Despite the shift towards collaborative healthcare and the increase in the use of eHealth technologies, there does not currently exist a model for the measurement of eHealth readiness in interdisciplinary healthcare teams. This research aims to address this gap in the literature through the development of a three phase methodology incorporating qualitative and quantitative methods. We propose a conceptual measurement model consisting of operationalized themes affecting readiness across four factors: (i) Organizational Capabilities, (ii) Team Capabilities, (iii) Patient Capabilities, and (iv) Technology Capabilities. The creation of this model will allow for the measurement of the readiness of interdisciplinary healthcare teams to use eHealth technologies to improve patient outcomes.
Lam, MK, Hines, M, Lowe, R, Nagarajan, S, Keep, M, Penman, M & Power, E 2016, 'Preparedness for eHealth: Health Sciences Students' knowledge, skills and confidence', Journal of Information Technology Education : Research, vol. 15, pp. 305-334.View/Download from: UTS OPUS
There is increasing recognition of the role eHealth will play in the effective and efficient delivery
of healthcare. This research challenges the assumption that students enter university as digital
natives, able to confidently and competently adapt their use of information and communication
technology (ICT) to new contexts. This study explored health sciences students' preparedness for
working, and leading change, in eHealth-enabled environments. Using a cross-sectional study
design, 420 undergraduate and postgraduate students participated in an online survey investigating
their understanding of and attitude towards eHealth, frequency of online activities and software
usage, confidence learning and using ICTs, and perceived learning needs. Although students
reported that they regularly engaged with a wide range of online activities and software and were
confident learning new ICT skills especially where they have sufficient time or support, their understanding
of eHealth was uncertain or limited. Poor understanding of and difficulty translating
skills learned in personal contexts to the professional context may impair graduates ability to confidently
engage in the eHealth-enabled workplace. These results suggest educators need to scaffold
the learning experience to ensure students build on their ICT knowledge to transfer this to
their future workplaces.
Chan, A, Purcell, A & Power, E 2016, 'A systematic review of assessment and intervention strategies for effective clinical communication in culturally and linguistically diverse students', Medical Education, vol. 50, no. 9, pp. 898-911.View/Download from: Publisher's site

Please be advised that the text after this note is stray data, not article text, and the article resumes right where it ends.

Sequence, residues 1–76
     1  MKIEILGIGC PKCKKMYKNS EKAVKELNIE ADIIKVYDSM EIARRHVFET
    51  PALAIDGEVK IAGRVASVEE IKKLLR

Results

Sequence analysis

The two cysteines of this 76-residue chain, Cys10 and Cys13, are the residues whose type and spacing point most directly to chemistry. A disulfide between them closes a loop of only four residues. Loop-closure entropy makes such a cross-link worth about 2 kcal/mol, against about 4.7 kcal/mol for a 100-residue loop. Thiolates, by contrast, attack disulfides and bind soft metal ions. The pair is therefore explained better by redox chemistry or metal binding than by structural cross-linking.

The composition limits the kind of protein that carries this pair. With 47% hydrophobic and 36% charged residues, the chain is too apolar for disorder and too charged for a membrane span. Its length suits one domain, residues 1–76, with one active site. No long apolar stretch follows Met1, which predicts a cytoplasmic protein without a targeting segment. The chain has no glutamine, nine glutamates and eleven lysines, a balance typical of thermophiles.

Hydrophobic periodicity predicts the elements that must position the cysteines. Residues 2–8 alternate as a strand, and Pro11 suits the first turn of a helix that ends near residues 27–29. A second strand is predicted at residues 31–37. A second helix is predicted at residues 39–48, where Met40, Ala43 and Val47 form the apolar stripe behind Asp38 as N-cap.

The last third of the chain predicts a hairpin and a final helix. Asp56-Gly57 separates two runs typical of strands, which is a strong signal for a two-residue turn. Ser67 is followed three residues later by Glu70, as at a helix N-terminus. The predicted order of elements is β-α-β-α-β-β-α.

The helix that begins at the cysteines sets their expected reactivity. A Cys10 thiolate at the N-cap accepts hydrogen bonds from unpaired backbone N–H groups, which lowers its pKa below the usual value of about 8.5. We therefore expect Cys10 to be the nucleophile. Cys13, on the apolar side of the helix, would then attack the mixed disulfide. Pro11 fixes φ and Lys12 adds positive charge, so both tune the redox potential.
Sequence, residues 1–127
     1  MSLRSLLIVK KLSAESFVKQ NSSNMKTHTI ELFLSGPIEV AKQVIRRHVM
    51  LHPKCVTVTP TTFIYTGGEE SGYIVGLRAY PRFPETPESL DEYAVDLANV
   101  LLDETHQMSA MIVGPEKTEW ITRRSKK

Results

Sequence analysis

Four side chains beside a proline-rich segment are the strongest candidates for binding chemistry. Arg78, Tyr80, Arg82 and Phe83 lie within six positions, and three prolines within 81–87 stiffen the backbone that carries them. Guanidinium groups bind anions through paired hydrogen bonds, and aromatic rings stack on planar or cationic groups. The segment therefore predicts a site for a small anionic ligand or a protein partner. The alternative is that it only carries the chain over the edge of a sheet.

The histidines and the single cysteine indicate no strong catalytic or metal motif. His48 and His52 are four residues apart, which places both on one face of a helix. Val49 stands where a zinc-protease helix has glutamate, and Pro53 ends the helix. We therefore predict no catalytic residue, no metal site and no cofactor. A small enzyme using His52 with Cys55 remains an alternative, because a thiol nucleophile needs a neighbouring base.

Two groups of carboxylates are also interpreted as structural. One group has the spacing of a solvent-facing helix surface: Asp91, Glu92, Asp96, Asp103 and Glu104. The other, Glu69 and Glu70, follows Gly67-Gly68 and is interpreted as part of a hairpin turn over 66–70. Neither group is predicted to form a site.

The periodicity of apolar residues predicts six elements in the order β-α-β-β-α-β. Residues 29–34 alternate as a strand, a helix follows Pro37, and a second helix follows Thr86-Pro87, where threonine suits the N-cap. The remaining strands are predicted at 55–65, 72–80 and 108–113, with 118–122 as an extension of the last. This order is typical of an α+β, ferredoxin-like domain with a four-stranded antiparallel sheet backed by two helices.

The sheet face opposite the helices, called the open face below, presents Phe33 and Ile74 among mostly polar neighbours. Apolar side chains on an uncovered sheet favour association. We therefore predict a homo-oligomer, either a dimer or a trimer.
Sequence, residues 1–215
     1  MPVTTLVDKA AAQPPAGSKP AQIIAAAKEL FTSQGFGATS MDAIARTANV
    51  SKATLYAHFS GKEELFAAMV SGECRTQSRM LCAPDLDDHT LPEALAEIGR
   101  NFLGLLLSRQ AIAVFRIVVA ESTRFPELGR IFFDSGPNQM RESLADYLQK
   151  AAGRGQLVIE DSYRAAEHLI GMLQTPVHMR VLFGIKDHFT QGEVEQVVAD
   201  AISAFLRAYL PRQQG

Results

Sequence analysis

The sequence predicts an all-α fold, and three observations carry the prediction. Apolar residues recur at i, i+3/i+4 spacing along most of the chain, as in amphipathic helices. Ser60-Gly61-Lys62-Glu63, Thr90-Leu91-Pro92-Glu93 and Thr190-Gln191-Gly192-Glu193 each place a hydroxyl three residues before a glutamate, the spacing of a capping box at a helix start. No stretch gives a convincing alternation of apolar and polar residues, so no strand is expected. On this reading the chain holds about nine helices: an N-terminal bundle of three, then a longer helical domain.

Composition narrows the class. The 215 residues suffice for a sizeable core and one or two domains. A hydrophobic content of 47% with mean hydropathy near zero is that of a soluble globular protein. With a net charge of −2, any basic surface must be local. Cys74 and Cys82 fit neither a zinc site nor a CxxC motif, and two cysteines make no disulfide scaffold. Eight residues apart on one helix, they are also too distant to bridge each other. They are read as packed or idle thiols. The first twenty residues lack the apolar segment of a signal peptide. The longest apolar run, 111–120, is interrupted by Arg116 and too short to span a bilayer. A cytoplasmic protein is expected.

© 2016 John Wiley & Sons Ltd and The Association for the Study of Medical Education Objective: Culturally and linguistically diverse (CALD) students often experience difficulties with the clinical communication skills that are essential for successful interactions in the workplace. However, there is little evidence on the effectiveness of assessment and intervention strategies for this population. The two aims of this study were: to evaluate the effectiveness of assessment tools in identifying and describing the clinical communication difficulties of CALD health care students; and to determine whether communication programmes improved their clinical communication skills. Methods: Systematic review based on the Cochrane protocol. Articles were identified through a search of established databases using MeSH and key search terms. Studies published in English from 1990 to March 2015 were included if they described assessment strategies or a training programme for communication skills of CALD students. Studies were excluded if they did not describe implementation of a specific assessment or intervention programme. Data were extracted independently by the first author and verified by the second author. Quality was measured by the Best Evidence Medical Education guide and the Educational Interventions Critical Appraisal Tool. The Kirkpatrick hierarchy was used to measure impact. Meta-analysis was not conducted because of the heterogeneity of programme design and outcome measures. Results: One hundred and twenty-nine articles met the criteria for full text review. Eighty-six articles were excluded. Thirteen articles addressing assessment and 30 articles reporting on communication training programmes were included in this review. Assessment tools used rubrics and rating scales effectively. Intervention studies focused on speech and language skills (n = 20), interpersonal skills (n = 7) and faculty-level support (n = 5). Although 17 studies reported positive findings on ...